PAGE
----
Wednesday, July 29, 2009

Bostwick House Bed & Breakfast

Wednesday began as it seems everyday this month has with rain showers. Having prepared our baggage Tuesday evening Joan and I left Auburn shortly after noon and made our way down Rt. 34 to Ithaca. Using the GPS as our guide we made our way to Bostwick House Bed & Breakfast

On November 14, 2008, while attending the 16th Annual Public Interest Bid for Justice Auction at the Oncenter Convention Center in Syracuse, NY, Emily and Michael bid on and won a one night stay at the Bostwick House Bed & Breakfast and a bottle of Hazlitt White Stag wine. This getaway package was donated by former SPIN directors: Ryatt Maness, Jennifer Pautz, Stephen Heath, and Nora Spillane.

On Christmas Eve, knowing our fondest for bed and breakfasts, Emily and Michael gave us their purchase as a Christmas gift.

Before checking in at the B&B, we proceeded to The Commons in downtown Ithaca. Caught in a maze of one-way streets we wished that we had Michael with us to help navigate. Once finding a parking space we took our umbrellas and walked around the area. Looked into several restaurants and studied their posted menus. Bought the Ithaca Journal at a newsstand.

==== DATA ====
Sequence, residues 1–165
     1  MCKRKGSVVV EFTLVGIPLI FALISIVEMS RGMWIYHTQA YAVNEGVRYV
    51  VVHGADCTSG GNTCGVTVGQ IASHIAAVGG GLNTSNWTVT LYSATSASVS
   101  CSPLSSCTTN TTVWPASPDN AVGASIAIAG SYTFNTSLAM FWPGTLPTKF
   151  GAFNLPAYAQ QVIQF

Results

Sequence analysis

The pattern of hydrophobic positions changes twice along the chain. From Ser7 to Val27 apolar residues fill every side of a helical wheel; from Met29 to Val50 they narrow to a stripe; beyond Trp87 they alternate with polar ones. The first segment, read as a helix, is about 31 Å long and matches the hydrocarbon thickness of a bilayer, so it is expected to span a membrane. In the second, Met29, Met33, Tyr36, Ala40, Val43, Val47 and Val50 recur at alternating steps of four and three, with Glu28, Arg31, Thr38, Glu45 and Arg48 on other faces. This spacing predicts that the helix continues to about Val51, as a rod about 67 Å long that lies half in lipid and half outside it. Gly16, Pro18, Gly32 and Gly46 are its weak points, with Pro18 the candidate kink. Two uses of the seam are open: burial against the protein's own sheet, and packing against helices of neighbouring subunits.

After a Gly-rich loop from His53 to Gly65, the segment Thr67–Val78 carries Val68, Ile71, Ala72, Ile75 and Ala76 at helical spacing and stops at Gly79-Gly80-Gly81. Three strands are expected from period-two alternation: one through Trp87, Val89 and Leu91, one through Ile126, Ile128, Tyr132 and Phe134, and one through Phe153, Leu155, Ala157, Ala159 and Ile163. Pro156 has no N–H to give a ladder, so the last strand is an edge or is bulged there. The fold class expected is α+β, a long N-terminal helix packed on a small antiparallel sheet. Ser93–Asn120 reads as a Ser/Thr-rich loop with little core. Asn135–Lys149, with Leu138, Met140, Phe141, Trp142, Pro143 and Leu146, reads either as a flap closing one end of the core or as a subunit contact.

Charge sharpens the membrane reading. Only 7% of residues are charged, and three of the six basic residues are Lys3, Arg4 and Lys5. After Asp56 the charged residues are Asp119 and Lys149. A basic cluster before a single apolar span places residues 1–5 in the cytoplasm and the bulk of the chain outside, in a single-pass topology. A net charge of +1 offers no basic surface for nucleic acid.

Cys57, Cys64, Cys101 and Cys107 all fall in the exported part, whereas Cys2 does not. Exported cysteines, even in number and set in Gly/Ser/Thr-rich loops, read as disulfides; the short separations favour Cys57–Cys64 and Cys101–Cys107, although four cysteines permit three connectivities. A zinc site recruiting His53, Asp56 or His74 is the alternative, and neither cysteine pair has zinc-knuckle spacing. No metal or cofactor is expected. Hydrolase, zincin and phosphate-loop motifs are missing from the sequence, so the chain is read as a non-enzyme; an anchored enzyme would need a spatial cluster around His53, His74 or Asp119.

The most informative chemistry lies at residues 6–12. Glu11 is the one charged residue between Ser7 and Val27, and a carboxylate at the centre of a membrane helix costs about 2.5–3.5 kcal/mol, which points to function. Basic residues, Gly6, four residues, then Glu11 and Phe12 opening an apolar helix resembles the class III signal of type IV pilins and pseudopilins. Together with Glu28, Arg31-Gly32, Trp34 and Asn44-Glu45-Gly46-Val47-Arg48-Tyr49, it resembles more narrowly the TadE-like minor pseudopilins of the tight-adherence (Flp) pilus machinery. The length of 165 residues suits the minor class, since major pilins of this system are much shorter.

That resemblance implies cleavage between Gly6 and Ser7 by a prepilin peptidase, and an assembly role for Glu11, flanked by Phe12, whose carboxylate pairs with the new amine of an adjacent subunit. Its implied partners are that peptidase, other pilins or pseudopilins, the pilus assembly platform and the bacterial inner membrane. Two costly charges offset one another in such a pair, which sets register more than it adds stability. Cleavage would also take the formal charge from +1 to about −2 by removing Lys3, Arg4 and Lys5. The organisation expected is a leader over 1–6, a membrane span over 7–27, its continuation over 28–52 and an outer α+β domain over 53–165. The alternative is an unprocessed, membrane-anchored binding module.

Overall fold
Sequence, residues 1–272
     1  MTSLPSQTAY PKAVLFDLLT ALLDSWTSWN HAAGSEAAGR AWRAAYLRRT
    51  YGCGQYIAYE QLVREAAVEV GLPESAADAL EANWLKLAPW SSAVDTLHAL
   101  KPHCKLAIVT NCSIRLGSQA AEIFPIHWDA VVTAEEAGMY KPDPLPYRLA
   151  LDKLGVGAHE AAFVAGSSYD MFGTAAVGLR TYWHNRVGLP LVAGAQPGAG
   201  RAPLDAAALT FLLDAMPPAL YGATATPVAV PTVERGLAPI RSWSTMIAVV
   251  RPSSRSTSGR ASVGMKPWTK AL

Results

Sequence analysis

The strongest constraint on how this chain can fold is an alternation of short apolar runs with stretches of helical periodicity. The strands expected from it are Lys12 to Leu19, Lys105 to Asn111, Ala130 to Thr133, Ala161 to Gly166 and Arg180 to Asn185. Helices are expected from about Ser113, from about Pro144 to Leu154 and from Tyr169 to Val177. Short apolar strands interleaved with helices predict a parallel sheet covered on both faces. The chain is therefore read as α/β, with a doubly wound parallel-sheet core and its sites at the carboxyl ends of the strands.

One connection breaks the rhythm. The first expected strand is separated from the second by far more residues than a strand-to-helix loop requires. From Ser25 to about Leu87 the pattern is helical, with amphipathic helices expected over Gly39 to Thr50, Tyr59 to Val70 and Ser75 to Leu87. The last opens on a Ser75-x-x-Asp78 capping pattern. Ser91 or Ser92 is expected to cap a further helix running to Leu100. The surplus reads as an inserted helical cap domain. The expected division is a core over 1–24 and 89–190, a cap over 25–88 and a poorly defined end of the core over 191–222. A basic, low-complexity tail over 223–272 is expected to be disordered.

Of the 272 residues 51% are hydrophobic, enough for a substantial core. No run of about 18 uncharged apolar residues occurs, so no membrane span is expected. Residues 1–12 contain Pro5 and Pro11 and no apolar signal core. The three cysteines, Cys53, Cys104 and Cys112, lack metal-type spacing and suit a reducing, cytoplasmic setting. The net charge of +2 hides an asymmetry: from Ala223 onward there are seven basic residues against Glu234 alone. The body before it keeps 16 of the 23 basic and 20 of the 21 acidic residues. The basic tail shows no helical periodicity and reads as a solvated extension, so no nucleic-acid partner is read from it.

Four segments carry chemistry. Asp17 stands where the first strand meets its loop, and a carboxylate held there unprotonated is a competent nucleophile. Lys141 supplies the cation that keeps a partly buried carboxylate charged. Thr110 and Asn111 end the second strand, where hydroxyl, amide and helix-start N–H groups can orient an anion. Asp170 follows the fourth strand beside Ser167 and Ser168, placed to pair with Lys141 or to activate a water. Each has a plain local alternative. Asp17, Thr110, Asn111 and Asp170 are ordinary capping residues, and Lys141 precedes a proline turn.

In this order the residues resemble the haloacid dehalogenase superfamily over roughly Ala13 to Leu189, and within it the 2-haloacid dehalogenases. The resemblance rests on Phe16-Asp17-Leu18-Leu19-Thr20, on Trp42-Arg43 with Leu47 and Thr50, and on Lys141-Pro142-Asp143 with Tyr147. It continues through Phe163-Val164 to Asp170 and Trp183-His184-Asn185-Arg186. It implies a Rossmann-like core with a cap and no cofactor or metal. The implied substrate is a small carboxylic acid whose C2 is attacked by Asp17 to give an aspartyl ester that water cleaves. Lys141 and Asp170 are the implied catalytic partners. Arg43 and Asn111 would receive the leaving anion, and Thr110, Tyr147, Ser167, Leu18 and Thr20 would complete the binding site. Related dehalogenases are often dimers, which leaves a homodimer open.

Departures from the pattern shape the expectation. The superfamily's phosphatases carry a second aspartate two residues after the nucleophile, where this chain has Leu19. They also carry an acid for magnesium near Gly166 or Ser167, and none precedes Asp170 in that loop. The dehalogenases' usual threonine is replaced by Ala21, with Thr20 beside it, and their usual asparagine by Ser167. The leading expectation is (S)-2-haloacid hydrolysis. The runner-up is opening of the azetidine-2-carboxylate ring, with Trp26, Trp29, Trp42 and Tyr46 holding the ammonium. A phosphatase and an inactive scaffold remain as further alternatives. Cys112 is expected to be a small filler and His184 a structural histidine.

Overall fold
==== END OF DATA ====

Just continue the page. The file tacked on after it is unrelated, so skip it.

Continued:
Arriving at the Bostwick House we were greeted by Maryrose Savino, the owner. Maryrose showed us to our room, The Library Suite. The room was as advertised a charming place with private bathroom, queen bed with designer bedding and books at your fingertips. This suite is located on the first floor of the house.

One interesting feature of the suite is an original map of Tompkins County.


The location of the house

The identity of the first owner

An illustration of Enfield Falls

Walked around the grounds and took some photos.

View from porch. Day still overcast.

View from backyard.

Spring house - chicken coop - chickens.

Maryrose in her studio doorway.

Sat in the living room and read the paper.

Foyer - Stairway - Looking into Living Room.

Maryrose provided a dish of blueberries that she just picked and two tall glasses of lemonade.

Living Room

Living Room Mantle

Living Room Mantle with Glass Collection

The sun peeked through so Joan went out on the porch to read.

On Maryrose’s recommendation we decided to dine at ZaZa’s Cucina at 622 Cascadilla Street. The atmosphere was unique, evidently the structure was once a video store. The waitstaff was alert and responsive. After sampling the crusty rolls served with olive oil, Joan had eggplant parm and I had chicken parm. Both were came with fresh asparagus and my entree included garlic roasted potatoes. While the portions were not large the sauce was excellent.

Returning to our lodging, we spent the evening finishing our novels and retired early.